After Tuesday's briefing by CIA Director Gina Haspel, US senators sounded more convinced than ever that Saudi Crown Prince Mohammad Bin Salman is responsible for the murder of Saudi journalist and US resident Jamal Khoshoggi.
In turn, the Republican Senator from South Carolina Lindsey Graham is sure that holding this briefing will make it hard for the White house "efforts to protect" both the Prince and the relationship with Saudi Arabia as a whole.
After weeks of denying involvement, the Kingdom admitted that Khashoggi had been killed at the consulate but claimed that the Saudi royal family had no prior knowledge of a plot to murder him. But they remain sharply divided over how to do so.
The murder has damaged Riyadh's worldwide reputation and Western countries including the US, France and Canada have placed sanctions on almost 20 Saudi nationals.
But Trump and some of his fellow Republicans have argued that Washington should not take action that would risk its relationship with Riyadh, which is viewed as an important counterweight to Iran in the Middle East. Following the briefing, a handful of senators said they believe that MBS ordered the hit on Khashoggi.
He was one of 37 Republicans who voted against advancing a nonbinding resolution last week to end US support for the Saudi-led military campaign in Yemen.
Senators would not describe the evidence presented by Haspel.
Graham, who was one of the sponsors of Wednesday's U.S. Senate resolution and has become one of the president's most vocal allies, said there may not be a "smoking gun", but that there was a "smoking saw", a reference to a bone saw that investigators said was used to cut up Khashoggi's body.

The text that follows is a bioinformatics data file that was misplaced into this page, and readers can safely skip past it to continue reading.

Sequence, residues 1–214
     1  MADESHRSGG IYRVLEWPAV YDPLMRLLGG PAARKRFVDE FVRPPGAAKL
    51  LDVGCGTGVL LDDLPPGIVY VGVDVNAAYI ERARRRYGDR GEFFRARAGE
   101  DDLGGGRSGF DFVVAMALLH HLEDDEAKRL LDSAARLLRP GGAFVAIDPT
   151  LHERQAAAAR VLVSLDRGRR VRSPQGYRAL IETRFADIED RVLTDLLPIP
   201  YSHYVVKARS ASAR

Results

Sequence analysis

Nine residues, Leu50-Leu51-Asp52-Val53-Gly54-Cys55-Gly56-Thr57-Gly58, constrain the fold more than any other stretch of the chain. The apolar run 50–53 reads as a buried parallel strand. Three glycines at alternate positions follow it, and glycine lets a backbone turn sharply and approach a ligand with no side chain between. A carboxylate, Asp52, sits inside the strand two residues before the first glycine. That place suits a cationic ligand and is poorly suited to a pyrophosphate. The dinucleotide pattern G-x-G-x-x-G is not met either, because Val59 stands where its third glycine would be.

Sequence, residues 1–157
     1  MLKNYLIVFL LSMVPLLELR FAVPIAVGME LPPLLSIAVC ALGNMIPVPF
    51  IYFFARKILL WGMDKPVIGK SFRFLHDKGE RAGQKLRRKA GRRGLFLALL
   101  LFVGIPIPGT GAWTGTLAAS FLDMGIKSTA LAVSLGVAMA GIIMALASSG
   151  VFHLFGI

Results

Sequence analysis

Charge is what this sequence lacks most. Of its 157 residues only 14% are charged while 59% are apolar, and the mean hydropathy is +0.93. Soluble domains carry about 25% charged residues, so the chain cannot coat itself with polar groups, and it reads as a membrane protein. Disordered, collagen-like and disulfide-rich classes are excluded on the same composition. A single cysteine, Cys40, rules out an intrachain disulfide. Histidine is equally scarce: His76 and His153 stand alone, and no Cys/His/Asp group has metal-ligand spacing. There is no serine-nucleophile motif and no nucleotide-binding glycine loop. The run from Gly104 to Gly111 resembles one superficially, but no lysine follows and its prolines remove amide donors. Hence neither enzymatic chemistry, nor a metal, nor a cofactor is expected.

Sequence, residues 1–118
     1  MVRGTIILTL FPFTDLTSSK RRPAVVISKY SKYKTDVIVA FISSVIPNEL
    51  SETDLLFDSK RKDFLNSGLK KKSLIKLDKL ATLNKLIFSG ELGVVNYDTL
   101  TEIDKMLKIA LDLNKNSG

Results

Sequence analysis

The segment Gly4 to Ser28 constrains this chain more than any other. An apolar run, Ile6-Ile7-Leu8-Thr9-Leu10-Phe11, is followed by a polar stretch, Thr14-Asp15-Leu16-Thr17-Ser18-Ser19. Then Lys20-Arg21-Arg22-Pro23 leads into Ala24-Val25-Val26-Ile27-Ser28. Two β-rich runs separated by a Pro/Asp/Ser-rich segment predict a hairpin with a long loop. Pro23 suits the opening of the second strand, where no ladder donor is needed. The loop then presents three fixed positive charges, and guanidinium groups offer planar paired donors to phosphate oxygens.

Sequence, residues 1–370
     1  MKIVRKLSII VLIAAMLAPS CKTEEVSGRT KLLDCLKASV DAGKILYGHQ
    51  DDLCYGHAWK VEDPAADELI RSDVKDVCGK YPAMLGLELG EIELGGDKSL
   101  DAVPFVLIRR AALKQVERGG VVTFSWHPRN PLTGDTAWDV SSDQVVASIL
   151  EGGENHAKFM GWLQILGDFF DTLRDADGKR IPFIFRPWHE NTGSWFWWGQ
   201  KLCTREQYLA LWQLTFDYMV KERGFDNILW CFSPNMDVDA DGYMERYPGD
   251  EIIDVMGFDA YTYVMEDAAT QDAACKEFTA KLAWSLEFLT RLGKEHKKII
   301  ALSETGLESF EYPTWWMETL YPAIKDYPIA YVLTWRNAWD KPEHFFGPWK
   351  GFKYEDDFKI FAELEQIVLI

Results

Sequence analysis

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"Saudi Arabia is a strategic ally and the relationship is worth saving, but not at all costs".
Graham introduced a bill setting out those goals last month.
Senators are "trying to figure out an amendment that a larger group of people could get behind that addresses this issue without undermining our national interests", Corker said.
Both Republicans and Democrats urged President Donald Trump himself to strongly condemn the killing after he stood by the crown prince.
At the same time, as stated by Republican Senator Bob Corker, the jury would have found him guilty after a 30-minute hearing.
"If the Saudi government is going to be in the hands of this man for a long time to come, I find it very hard to be able to do business, because I think he's insane, I think he is unsafe and he has put the relationship at risk". Whatever was revealed in that Central Intelligence Agency briefing had to be irrefutable for so much of Trump's senate supporters to lash out like this.
Istanbul's chief prosecutor said there is a "strong suspicion" al-Qahtani and Ahmed al-Asiri planned the horrific murder at the Saudi consulate on October 2.